Kanye West‘s album My Beautiful Dark Twisted Fantasy came out too late to be nominated for the Grammy Awards being held tonight, so we’ll have to wait until next year to see the master provocateur in action. Those familiar with the cover artwork of West’s album won’t have to wait so long to see more of the art of George Condo, star of the exhibition George Condo: Mental States, running at the New Museum through May 8, 2011. When West specifically went looking for an artist who could stir up a controversy, he found the perfect partner in Condo, whose works fulfill the requirements of dark, twisted, and, most of all, beautiful, but in a haunting, “where have I seen this before” kind of way.
Condo first rose to fame in the 1980s with his “fake Old Master” paintings that evoked legends without slavishly copying them. “Over the past three decades, in canvases that articulate [a] kind of potent and mixed emotional charge,” Ralph Rugoff writes in the catalog to the exhibition, “George Condo has explored the outer suburbs of acceptability while making pictures that, for all their outrageous humour, are deeply immersed in memories of European and American traditions of painting.” Picasso, Goya, Matisse, Rembrandt, Velázquez, Tiepolo—all of these and countless others fall into Condo’s aesthetic blender just before he hits the switch. But what makes Condo’s “fakes” fascinating is that they make us think of these artists without allowing us to connect the “fake” to a master’s original. Condo “is not a painter of appropriated imagery; nor is he a shoot-to-kill hunter of art-historical father figures,” explains Laura Hoptman. “He is more like a philologist—a collector, admirer and lover of languages—in this case, languages of representation.”
A painting polyglot, Condo can seem like a one-man tower of Babel, but the message comes across clear no matter what dialect he’s working in at the moment, usually in the form of a joke. Condo “insist[s] on the intimacy of the rational and irrational as well as the ridiculous and the sublime” and “asks us to put aside the neat categories we use to organise our aesthetic and moral responses in order to glimpse something of that chaos of incongruous and incompatible drives that underlies our scrambled existence” Rugoff believes. “In this moment of recognition we may even experience a kind of ecstasy, or a wicked delight, as the horizons of our own mental state suddenly expand to take in, however briefly, the fragmented fullness of our contradictory world.” Long ago, Condo played base guitar in a punk band called The Girls (which once played the same bill as Jean-Michel Basquiat’s band Gray). In many ways, Condo’s still a punk rocker at heart. Whereas the Sex Pistols sang their subversive version of “God Save the Queen” in 1977, Condo painted two decades later his The Insane Queen, a fractured portrait of Queen Elizabeth II. All the contradictions of the world, heightened by the power and prestige of royalty, come to a head in this twisted head of the Queen of England.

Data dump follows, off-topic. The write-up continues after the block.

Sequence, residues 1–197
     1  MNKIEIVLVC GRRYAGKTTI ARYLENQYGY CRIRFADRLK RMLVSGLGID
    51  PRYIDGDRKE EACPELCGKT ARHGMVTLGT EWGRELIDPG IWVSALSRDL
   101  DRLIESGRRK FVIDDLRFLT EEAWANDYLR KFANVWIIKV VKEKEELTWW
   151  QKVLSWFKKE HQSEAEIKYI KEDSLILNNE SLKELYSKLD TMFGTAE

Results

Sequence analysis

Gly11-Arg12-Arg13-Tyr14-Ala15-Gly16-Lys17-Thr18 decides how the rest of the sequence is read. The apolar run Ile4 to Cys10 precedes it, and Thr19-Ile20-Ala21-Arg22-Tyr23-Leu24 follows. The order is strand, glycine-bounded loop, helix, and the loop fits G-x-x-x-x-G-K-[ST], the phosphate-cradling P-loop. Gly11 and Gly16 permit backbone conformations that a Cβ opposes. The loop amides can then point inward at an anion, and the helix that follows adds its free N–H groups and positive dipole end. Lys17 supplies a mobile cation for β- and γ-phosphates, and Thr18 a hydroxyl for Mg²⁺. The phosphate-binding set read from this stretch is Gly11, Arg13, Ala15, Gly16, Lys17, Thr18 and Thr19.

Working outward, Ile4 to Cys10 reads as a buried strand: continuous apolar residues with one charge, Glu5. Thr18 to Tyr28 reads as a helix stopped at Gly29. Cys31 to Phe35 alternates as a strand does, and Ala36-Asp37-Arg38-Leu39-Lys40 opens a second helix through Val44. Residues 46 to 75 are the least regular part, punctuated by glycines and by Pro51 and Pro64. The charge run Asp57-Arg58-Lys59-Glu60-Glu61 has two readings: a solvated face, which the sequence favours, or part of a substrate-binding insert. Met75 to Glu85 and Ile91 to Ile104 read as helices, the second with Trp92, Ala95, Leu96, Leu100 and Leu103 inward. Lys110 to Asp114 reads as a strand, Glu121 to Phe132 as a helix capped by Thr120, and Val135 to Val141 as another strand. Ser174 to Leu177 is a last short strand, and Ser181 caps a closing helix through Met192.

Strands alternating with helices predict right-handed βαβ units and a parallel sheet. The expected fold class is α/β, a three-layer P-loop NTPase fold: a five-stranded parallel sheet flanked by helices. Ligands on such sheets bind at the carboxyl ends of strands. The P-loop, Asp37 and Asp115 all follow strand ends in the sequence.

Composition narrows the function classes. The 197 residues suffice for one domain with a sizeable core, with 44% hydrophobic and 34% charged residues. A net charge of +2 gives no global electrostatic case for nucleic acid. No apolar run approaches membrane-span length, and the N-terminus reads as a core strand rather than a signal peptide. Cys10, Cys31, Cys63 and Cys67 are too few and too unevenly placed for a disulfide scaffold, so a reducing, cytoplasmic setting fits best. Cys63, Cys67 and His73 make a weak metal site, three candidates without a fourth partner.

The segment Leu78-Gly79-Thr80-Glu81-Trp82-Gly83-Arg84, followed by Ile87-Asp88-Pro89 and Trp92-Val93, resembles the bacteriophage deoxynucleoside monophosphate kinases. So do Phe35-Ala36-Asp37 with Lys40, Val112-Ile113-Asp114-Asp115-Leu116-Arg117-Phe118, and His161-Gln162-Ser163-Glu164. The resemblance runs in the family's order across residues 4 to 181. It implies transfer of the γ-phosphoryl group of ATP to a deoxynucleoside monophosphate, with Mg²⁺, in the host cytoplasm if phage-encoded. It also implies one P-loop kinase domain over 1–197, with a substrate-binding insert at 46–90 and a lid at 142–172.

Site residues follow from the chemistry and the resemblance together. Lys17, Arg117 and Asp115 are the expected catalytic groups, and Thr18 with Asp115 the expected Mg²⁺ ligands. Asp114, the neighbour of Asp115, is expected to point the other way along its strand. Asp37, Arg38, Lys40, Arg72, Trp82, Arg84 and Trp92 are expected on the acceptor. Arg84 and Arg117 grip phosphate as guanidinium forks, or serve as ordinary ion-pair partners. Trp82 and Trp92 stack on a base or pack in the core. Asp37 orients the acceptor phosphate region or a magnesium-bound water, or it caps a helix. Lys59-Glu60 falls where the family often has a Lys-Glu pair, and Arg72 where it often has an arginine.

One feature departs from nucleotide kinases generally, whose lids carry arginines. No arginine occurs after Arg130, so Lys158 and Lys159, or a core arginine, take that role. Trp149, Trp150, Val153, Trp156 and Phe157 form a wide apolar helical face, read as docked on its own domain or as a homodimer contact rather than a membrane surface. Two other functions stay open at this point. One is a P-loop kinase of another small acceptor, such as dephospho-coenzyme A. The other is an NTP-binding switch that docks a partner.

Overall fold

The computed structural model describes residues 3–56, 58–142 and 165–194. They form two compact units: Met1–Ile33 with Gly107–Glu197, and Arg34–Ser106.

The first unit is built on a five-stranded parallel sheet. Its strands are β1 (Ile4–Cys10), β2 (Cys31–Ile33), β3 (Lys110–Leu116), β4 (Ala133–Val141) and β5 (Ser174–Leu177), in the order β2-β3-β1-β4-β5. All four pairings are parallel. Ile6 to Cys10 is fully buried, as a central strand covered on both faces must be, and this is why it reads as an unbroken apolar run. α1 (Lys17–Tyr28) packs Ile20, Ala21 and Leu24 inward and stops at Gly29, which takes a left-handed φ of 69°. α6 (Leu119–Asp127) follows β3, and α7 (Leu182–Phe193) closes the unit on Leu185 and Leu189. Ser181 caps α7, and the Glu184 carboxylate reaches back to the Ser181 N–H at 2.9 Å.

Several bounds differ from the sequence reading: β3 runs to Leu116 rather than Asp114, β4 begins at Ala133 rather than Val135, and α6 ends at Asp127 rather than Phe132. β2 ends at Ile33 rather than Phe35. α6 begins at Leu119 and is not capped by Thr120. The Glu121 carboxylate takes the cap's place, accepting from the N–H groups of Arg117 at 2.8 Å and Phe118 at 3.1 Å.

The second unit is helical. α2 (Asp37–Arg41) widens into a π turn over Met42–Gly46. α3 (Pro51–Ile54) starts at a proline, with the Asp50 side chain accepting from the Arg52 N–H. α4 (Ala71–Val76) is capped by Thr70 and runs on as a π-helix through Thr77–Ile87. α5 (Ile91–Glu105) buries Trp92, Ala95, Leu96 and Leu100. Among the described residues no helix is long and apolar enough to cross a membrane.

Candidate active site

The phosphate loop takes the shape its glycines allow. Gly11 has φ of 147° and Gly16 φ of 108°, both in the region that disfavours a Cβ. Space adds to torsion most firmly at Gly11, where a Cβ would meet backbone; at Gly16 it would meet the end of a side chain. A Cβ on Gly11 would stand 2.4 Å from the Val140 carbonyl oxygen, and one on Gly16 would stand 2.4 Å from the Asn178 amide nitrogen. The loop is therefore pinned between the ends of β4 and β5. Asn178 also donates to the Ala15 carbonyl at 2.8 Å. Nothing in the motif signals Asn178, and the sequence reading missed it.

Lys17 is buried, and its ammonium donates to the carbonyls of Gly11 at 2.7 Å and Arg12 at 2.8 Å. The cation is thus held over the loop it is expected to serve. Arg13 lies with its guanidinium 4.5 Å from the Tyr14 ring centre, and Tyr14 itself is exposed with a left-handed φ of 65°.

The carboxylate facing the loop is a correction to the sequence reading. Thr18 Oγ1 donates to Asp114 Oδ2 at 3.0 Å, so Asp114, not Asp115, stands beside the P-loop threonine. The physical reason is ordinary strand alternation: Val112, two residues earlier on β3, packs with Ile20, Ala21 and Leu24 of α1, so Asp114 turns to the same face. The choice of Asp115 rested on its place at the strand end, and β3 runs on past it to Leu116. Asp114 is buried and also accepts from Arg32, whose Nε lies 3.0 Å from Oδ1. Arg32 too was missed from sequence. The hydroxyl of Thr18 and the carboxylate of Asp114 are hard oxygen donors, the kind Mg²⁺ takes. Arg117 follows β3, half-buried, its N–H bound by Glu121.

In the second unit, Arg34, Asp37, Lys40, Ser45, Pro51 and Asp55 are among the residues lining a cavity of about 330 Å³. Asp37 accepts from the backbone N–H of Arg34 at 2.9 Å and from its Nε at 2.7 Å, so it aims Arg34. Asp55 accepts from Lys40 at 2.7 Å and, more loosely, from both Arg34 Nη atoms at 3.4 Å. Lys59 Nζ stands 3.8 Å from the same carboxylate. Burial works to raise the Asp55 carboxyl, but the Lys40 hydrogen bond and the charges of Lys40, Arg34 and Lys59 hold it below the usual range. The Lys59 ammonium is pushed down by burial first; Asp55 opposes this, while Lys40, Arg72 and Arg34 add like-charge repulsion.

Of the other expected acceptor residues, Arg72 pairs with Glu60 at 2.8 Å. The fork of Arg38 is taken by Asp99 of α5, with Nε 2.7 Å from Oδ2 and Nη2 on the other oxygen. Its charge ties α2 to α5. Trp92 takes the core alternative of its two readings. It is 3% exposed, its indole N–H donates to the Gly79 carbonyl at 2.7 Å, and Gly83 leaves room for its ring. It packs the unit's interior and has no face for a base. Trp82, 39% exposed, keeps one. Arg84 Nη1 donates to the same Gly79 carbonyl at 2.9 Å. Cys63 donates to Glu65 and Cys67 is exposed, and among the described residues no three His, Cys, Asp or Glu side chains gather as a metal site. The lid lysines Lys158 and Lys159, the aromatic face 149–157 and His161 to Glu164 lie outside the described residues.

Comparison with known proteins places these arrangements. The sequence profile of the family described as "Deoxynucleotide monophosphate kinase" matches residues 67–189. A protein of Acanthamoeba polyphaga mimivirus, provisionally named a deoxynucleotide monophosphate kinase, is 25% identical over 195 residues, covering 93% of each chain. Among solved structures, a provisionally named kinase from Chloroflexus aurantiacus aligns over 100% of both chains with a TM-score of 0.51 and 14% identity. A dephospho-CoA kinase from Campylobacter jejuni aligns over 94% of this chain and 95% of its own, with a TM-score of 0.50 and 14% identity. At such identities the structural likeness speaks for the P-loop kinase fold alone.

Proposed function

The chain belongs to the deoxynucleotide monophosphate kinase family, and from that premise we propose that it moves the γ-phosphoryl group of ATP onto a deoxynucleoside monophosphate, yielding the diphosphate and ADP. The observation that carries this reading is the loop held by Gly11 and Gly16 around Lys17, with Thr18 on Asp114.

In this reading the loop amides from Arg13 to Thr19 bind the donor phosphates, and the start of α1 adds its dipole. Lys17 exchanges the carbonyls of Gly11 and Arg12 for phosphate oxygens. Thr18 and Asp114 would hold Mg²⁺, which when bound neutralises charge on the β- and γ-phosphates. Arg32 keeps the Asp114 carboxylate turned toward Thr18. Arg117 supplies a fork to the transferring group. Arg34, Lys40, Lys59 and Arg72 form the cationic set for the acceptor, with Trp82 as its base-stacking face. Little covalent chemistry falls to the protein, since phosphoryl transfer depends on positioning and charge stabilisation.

Yet, as Rugoff points out in his masterful examination of Condo, we still connect with the subjects of Condo’s portraits despite their grotesque façade. Portrait subjects such as the Queen, Mary Magdalene, and even Jesus confront us with a direct stare, as if they’re in on the joke, too, and only want to share in the fun, or the tragedy, depending on your point of view. Such a lack of self-consciousness in portraiture sets Condo apart from artists such as John Currin and Glenn Brown in Rutgoff estimation, who followed Condo’s example in a return to figuration but can’t pull free of the gravitational field of art history’s weight the way that Condo convincingly can.
Condo manages this escape through a new kind of figurative abstraction. “For Condo, ‘abstract’ is a verb; rarely, if ever, is it a noun,” Laura Hoptman argues. “The act of abstracting—pulling out and summarising with a curvaceous line or a deftly rendered shape—is evident in all of his work, whether it is in what he calls the ‘physiognomic abstraction’ of the physical characteristics of his subjects in his portraits made over the past decade, or in the Kandinsky or Gorky-like motifs that Condo sees as ‘representations of elements of abstract paintings.’” This merging of figuration and abstraction allows works such as 2010’s Figures In a Garden (shown above) to straddle both worlds without tipping fully into either, creating the same tension between reality and fantasy, between rationality and irrationality, that the portraits convey through their unbroken stares.
“In the beginning, I took fragments of architecture to create a person,” Condo has said of his art, “now I take a person and fragment them to make architecture.” Condo builds skyscrapers of personality from the fragments of art history he’s shored against the ruins of modern existence. If life today seems dark and twisted, making it beautiful requires a mind and eye like that of George Condo.
[Image: George Condo, Figures In a Garden, 2010. Acrylic, pastel, and charcoal on linen, 78 x 108 in (198.1 x 274.3 cm). Collection Laura and Stafford Broumand. © George Condo 2010]